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NPR

The Salt

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Mar 14, 2015

by:

L. Carol Ritchie

We bring you this story in case you want to get baking.

That's because Saturday is Pi Day — but it's not just any pi day.

It's March 14***** of the year '15, or 3-14-15 — the first five digits of the number pi. It's a confluence that won't happen again for a hundred years. Math geeks are excited.

"Pi has certain fascination, due to the fact that its digits appear to be unpredictable," says Po-Shen Loh, a math professor at Carnegie Melon University and U.S. coach for the International Mathematical Olympiad. "It's usually the first irrational number that students encounter."

Pi is not just irrational — meaning it can't be written as a simple fraction. It's transcendental. In math, transcendental means it's properties are not algebraic, but the adjective is just as true in the non-math meaning. Pi is transcendent, fantastic and otherworldly. It's the circumference of a circle — a shape of infinite perfection — divided by its diameter, and it's true no matter what size the circle is.

"It's magical," says Loh, getting a little carried away. "No, no. It's not magical. It's mathematics. ... It's beautiful that you have a transcendental number that's also extremely useful."

To get excited about math this week, students around the country have been reciting pi, eating pie, throwing pies, enjoying pi played on the piano and listening to pi rap by artist Pi Diddy.

At the San Francisco Exploratorium, where Pi Day originated in 1988, visitors will be admitted free for a pizza-pi-dough-tossing contest, a pi parade and special pie serving on Saturday.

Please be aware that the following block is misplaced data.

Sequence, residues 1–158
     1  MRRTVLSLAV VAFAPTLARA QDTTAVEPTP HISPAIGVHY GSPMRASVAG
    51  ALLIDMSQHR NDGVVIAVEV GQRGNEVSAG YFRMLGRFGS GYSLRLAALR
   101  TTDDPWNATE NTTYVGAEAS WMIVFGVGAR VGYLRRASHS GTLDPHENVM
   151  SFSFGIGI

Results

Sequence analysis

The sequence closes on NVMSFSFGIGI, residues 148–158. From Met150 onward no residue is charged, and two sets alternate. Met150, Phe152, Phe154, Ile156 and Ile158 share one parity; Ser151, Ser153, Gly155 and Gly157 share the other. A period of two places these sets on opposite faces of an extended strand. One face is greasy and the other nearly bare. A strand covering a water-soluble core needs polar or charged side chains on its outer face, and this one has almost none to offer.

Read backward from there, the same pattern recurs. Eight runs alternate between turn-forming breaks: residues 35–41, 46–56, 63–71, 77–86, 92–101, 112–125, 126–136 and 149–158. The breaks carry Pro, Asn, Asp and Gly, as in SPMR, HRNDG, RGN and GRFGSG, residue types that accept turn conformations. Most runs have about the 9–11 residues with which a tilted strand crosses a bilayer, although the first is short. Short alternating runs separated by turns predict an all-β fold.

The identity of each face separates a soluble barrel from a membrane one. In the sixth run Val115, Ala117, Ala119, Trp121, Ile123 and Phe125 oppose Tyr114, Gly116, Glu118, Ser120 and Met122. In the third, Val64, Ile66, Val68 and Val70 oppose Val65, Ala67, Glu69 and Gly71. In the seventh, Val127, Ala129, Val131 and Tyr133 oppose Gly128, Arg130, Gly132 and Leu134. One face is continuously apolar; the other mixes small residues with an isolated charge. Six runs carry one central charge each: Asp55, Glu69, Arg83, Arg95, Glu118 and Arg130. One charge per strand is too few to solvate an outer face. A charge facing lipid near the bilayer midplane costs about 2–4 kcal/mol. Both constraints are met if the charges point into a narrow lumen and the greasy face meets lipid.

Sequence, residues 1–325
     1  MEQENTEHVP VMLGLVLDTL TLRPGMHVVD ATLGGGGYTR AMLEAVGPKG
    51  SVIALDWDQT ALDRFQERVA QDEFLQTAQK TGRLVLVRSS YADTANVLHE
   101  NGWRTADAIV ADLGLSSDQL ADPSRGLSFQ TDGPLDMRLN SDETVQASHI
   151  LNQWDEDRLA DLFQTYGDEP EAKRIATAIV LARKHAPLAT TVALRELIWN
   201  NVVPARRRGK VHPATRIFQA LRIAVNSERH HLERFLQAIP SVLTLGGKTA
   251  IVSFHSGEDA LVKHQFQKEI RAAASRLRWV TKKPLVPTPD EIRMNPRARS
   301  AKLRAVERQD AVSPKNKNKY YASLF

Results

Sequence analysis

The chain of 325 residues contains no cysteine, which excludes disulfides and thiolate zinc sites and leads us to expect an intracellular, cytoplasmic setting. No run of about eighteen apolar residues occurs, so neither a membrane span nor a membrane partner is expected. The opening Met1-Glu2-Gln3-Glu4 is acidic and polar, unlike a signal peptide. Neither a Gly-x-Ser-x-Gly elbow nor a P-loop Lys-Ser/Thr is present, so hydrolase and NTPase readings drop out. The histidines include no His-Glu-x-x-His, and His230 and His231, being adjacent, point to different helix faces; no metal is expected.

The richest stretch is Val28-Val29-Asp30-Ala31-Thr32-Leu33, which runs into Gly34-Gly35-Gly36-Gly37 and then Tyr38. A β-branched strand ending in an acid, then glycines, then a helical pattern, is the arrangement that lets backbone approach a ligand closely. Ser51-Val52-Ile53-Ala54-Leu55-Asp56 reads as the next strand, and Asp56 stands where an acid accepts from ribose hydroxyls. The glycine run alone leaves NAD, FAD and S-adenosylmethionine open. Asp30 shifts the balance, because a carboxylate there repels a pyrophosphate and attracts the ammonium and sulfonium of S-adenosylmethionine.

Enthusiasts will also mark pi down to the second on Saturday. At 9:26 and 53 seconds, both a.m. and p.m., pi will be represented to 10 digits: 3.141592653.

Purists will argue that pi second comes at 9:26.54 — the next digit in the line is 5, and they will say we should round up.

That argument will likely never be resolved — kind of like pi itself. The ancient civilizations of Egypt and Babylonia knew about it — some say they used it in building the Great Pyramid at Giza — although they only came close to exactly pi. In 2013, mathematicians calculated the number to a mind-boggling 12.1 trillion digits.

And they could keep going. Forever.

Loh, who feels no need to memorize those digits, will spend Pi Day at a math conference. He is developing an interactive Wikipedia of math to help students of all levels. He's so devoted to getting people excited about math that even his phone number is a version of pi.

******By complete coincidence and to the delight of physicists, March 14 is also Albert Einstein's 136th birthday. The town of Princeton, N.J., where Einstein lived for 20 years, will hold its annual Einstein lookalike and pie eating contests.*

Copyright 2015 NPR. To see more, visit http://www.npr.org/.

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